Posts

How are you growing?

As we wind down from summer and gear up for fall there’s a lot to be thinking about!

What are you reading? 

That was the question from my buddy in Tasmania as we chatted over the weekend. I’d like to take that question and run with it.

What are the resources that you are currently working with and expanding on? What’s new and exciting in your world?

For me, the past few weeks have been chock full of new experiences, new resources, and using existing resources in new ways. 

The bikablo + IPEVO Meet Up two weeks ago was brilliant! I say that because we—the bikablo team and the participants—were using existing tools (document cameras, markers, and paper), and collaborating in new and different ways. 

 

 

The Graphic Medicine UnConvention was fantastic! I wrote about it on LinkedIn in August and just this past week here.

As a result of presenting and participating in the GM UnConvention, I have read Rosalie Lightning, by Tom Hart. It is an incredible graphic memoir. Truth be told, I have also signed up for the Graphic Memoir course offered by Sequential Artists Workshop and the Graphic Memoir Working Group. I believe that aspects of the internship I started last week will become a graphic memoir.

And, I have this stack of books to dive into—just some of the books suggested in the second lesson of SAW’s Graphic Memoir course—I’ll be working my way through them starting this weekend. 

Finally, my schedule and the Visual Thinkers Society monthly meeting are in sync—I can’t wait to join the meeting on Saturday morning!

Next week, I will start the bikablo Sketchnoting train-the-trainer course… it’s going to be great to learn from Amelie Vesper once again and join my colleagues in this training. I’ll be offering this course soon too!

Lastly, I am expanding my digital drawing capabilities by learning Concepts, a vector-based app… More to tell about the project that will support soon!

Upon reflection, the themes I am noticing now are, self-education through books, videos, podcasts, and direct instruction from colleagues, focused practice, and the beauty of collaborations with colleagues.

What are you noticing about your world?

What’s new in your world? Please ping me and let me know!

Bikablo + IPEVO = So much Fun & Learning

Yesterday, I was part of a grand experiment. Honestly, I don’t do that a lot. 

I do a lot of training, facilitation, and coaching. It’s true, I do a lot of experimentation within those events but it’s qualitatively different than what we engaged in yesterday. The experiments that I design within my practice are planned—you might even say controlled experiments, in that they are designed, implemented, and evaluated according to the objectives to be achieved and the criteria I develop (although perhaps the acronym DIE isn’t the most cheerful). I mean, that’s what you would expect from a curriculum designer, right?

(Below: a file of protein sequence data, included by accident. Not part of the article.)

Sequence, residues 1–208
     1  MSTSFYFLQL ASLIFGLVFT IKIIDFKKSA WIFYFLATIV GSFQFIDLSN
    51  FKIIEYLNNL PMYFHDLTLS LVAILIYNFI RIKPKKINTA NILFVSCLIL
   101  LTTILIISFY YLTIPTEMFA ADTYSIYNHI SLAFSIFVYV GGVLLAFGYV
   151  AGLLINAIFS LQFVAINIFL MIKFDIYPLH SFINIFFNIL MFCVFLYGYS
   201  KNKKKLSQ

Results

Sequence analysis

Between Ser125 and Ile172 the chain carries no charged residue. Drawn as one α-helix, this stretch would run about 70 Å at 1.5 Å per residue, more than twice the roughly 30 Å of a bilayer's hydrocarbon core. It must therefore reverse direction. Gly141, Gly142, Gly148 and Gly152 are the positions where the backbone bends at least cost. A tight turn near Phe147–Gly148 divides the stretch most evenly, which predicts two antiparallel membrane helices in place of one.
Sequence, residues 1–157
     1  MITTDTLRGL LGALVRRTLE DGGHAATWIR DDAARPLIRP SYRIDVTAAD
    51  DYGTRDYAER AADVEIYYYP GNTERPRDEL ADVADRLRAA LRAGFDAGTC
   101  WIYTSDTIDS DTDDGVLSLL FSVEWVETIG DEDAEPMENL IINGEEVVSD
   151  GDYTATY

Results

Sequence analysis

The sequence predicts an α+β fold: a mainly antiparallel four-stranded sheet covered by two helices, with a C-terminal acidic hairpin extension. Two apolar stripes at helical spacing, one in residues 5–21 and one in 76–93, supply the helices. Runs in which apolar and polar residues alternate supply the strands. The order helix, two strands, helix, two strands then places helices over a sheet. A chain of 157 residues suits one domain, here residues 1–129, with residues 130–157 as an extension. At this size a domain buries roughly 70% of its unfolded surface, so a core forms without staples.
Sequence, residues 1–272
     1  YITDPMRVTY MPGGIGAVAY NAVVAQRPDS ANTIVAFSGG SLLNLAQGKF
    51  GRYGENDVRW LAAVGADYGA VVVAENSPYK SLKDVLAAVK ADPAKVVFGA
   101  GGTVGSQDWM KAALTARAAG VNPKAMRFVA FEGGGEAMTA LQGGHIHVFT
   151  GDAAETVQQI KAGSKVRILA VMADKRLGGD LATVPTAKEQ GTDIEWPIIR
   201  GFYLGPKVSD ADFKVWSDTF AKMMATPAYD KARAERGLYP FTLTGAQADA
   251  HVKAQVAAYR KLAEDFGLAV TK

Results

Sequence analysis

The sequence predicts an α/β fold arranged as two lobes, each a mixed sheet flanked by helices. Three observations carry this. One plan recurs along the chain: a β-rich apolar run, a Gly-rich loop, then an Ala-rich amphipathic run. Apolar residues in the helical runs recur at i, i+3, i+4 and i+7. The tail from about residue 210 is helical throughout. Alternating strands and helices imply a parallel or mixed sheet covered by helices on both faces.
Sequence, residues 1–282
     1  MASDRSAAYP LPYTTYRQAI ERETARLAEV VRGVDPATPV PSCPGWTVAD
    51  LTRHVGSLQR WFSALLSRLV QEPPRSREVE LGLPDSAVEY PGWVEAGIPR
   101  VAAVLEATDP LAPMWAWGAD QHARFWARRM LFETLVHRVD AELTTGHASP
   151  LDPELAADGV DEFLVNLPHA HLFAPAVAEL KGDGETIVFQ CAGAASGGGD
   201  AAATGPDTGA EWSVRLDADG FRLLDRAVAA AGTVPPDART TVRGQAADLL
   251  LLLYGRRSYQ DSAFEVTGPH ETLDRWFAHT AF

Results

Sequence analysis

Yesterday was different in so many ways: 

  • I was a collaborator instead of a designer
  • we dove into the creation of the experience with the mindset that it was an adventure and an experiment 
  • we knew that people would enjoy it, learn something new during our time together, and meet people from around the world and interact with them. 

I have to admit that I was on pins and needles about how it was all going to come together. We were a team of six people coming together from Germany Spain, China, the US, and Taiwan.

In these days of video conferencing, folks getting together from around the world is not exactly a big deal but it turned out we were not only managing time zones, but we were also managing weather patterns which almost disrupted our entire plan as there was bad weather in Spain affecting the connection of our colleague Elena. And then, of course, there was the tech piece—not only were we all using document cameras but we were seeking to use them in new in different ways. While we had two tech sessions and practiced before the event too, I still had a tech glitch then made it challenging for me to participate as effectively as I wanted to, and yet I was still able to contribute. 

Perhaps it is one of the things I love best about working with my bikablo buddies. We are transparent about how things are going, we support each other to do the best we can, and we learn every time we get together in an environment of good cheer. 

The session was a total blast! We had over 100 people attending of the 200 signed up. We did an extraordinary number of activities in a relatively short period of time, with varying results — and that was OK! Frank, Elena, Xiaoli, and I had a choreographed piece that included movement on all four screens simultaneously. When we first started practicing it, I called it synchronized swimming—it was really just like it. It was so cool! We also 

  • drew together across the four screens to demonstrate how to combine simple shapes to make icons
  • did an exercise in which we added to the previous person’s drawing
  • used the bikablo “iconizer” /a random generator of icons to draw together
  • told a story, in four parts—dreaming up the next stage as we took turns on the screen—that used the cut-outs from our previous exercise
  • concluded by drawing a face across the four screens—while she was a bit Picassoesque—she was fabulous!